- This (pronoun) is my (determiner) book.
- This (determiner) book is mine (pronoun).

I reserve the term "object pronouns" for those pronouns that typically appear after verbs and prepositions (me, him, her, us, them).

quote:
Could I logically say, then, that adverbs, adjectives, and determiners are all modifiers?


Yes, Reenie. While adjectives and determiners modify nouns, adverbs modify verbs, adjectives or other adverbs.

Please let us know if we can be of any further help.
Thanks for your contributions here, Gustavo.
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I learned my grammar in Catholic schools in the 60s and 70s, which I guess is before the dawn of modern linguistics!
That's great, Reenie. Modern linguistics, of which Noam Chomsky is said to be the father, was already well under way while you were in grammar school. However, its findings and approaches doubtless were not part of your grammatical catechism.

Did you by chance study the Reed-Kellogg sentence diagramming method in Catholic grammar school? I suspect that that is the source of your difficulty. That approach to diagramming was developed in the mid-1800s, long before the dawn of modern linguistics.

In Reed-Kellogg sentence diagrams, which were for teaching youngsters grammar, determiners branch off of the lines on which nouns are drawn in the same way that adjectives do. If that is how you're thinking about things, your misconceptions are totally understandable.
quote:
Based on what you have said, it seems that demonstratives can function as adjective or determiner (this book/ i want this). Possessive pronouns only functionas adjectives (my book).
No, determiners do not function as adjectives. In the phrase "this book," "this" is not an adjective; it is a determiner. In the phrase "my book," "my" is not an adjective; it is a determiner. Again, though, your Reed-Kellogg diagrams won't show you the difference.
Thank you so much for your response. I was without electricity for a few days so i could not respond sooner. I am impressed with your knowledge given that english is not your first language!

I will have to modernize my thoughts and add determiners as a part of speech.
As for the pronoun issue, I was taught as follows.
Possessive pronouns: my, your, his, her, its, our, your, their
also anybody's, anyone's, someone's, nobodyx s, no one's, one another's, each other's.
Demonstrative pronouns: this,that, these, those

(Also subject, object, possessive object, relative, reciprocal, reflexive, interrogative, indefinite...but that's another discussion!)

So i was taught that when you use a possesive or demonstrative to describe a noun, that pronoun functions as an adjective. I will now correct my understanding to say that these pronouns function as determiners. The technical reasons why make sense, but it is hard to get used to!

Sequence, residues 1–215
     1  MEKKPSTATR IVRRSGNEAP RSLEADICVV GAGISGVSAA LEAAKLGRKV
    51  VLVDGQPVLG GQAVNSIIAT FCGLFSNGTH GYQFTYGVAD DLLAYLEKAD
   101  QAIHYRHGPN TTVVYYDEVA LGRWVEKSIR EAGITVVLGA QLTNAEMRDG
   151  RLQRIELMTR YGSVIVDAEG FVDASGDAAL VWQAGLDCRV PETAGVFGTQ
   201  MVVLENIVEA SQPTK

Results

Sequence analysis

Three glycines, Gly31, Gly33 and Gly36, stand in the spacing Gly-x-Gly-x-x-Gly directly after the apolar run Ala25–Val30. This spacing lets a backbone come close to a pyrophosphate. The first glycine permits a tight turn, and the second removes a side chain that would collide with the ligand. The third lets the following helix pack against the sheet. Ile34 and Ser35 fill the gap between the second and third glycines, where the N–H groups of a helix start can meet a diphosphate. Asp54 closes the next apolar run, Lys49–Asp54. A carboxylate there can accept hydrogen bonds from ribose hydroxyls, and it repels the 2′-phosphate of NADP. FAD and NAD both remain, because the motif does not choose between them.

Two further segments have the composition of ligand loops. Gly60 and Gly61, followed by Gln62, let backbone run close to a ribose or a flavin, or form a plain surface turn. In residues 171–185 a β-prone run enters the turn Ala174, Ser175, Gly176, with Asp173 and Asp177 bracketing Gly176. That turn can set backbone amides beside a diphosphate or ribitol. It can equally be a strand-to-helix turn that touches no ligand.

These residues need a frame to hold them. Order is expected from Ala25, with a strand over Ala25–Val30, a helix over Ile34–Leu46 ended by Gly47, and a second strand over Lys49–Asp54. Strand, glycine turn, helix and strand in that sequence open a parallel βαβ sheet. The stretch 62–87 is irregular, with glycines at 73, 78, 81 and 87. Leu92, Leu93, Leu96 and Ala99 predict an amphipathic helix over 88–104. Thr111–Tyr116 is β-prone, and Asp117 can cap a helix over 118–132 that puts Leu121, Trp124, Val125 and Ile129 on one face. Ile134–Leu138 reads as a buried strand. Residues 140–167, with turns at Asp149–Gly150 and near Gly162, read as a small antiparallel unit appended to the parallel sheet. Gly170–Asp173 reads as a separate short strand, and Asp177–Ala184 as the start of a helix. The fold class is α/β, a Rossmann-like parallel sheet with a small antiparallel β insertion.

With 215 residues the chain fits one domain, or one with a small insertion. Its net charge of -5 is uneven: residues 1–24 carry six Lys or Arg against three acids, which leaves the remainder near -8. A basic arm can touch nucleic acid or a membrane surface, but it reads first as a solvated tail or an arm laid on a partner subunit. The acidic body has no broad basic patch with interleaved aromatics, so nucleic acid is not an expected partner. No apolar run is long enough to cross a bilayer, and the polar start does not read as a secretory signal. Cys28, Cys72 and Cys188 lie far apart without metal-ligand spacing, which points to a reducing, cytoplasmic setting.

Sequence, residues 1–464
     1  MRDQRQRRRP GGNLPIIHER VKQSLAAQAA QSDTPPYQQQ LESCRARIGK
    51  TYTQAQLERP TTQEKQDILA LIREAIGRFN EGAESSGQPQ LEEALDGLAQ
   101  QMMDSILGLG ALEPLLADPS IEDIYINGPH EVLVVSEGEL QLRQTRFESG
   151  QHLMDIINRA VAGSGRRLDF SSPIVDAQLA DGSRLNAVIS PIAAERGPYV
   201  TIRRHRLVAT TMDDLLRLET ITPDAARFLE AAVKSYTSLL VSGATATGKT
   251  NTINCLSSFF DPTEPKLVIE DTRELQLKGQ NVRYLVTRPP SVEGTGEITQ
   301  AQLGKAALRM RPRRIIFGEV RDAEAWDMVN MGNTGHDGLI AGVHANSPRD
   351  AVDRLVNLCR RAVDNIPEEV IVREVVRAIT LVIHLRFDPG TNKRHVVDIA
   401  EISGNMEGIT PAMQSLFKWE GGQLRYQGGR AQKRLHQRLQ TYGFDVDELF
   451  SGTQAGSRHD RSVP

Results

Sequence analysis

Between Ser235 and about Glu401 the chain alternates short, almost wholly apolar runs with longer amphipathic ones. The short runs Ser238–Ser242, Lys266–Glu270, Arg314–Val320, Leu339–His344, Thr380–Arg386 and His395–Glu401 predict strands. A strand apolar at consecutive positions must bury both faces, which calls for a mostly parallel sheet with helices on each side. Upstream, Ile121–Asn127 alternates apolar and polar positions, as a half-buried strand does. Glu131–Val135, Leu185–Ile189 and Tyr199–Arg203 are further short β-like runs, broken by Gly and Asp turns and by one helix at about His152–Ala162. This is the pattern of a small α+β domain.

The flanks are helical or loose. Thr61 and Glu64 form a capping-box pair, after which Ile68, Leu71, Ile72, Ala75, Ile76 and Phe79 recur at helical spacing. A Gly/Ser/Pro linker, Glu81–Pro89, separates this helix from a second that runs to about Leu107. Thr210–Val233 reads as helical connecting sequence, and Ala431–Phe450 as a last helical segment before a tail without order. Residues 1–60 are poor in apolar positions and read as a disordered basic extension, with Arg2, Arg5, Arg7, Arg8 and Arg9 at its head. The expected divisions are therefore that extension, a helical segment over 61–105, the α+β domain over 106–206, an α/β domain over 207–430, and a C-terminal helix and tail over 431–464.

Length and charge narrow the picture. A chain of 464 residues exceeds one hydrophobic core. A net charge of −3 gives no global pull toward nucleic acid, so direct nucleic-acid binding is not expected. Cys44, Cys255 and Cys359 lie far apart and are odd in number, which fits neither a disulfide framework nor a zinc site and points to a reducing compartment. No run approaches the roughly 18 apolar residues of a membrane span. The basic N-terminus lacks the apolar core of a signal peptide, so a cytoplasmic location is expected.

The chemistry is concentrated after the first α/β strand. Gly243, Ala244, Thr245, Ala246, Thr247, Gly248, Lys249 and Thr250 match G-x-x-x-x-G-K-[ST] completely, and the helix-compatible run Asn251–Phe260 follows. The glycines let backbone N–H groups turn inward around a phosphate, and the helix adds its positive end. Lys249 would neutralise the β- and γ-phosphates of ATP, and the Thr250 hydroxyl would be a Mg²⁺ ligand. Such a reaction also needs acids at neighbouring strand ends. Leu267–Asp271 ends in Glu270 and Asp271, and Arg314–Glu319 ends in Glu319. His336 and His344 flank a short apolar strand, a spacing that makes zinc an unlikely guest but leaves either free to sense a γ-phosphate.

I will ask about articles soon!
Reenie,

I am a bit older than David, so many of the things that you were taught in grade school were taught to me as well. I was also taught that articles were adjectives.

The public schools where I grew up were a few decades behind the times. When I was in high school, they were teaching that there were only two Kingdoms of Life, Plantae and Animalia, and that fungi and bacteria were Plantae, even though the scientific community had long since discarded that notion. The schools were equally lagging when it came to modern linguistic thinking.

David and I have had many discussions about such things, and we have come to agree that the traditional "parts of speech", as defined in most dictionaries, are inadequate. I hope to work with David on redefining some of these antiquated concepts.

Please don't be embarrassed about any misconceptions you may have. The language is still evolving, and David, Gustavo, and I are still learning it. And it will change tomorrow.

The whole broad category of "adjective" doesn't address why we can say "she wore a pretty blue skirt", but we can't say "she wore a blue pretty skirt", does it? Obviously, "a", "pretty", and "blue" don't follow the same rules.

May I ask where you are from? I would have guessed that you were a native speaker of English.

Thanks,

DocV

DocV, I am American and Emglish is my first language. Most of my grammar I learned in Catholic elementary school. In high school, instruction was more about literature, vocabulary building, different types of writing, and spelling. Grammar was an elective in 11th grade and I took it. Our book was Strunk and White's Elements of Style which focuses more on usage and composition.

It is a serious thing for me to add a part of speech and I'm not yet comfortable with the idea of determiners, but I will get there eventually- it does seem as if there is concensus in the grammar community! 

What would be the category for good/better/best? Determiner or adjective?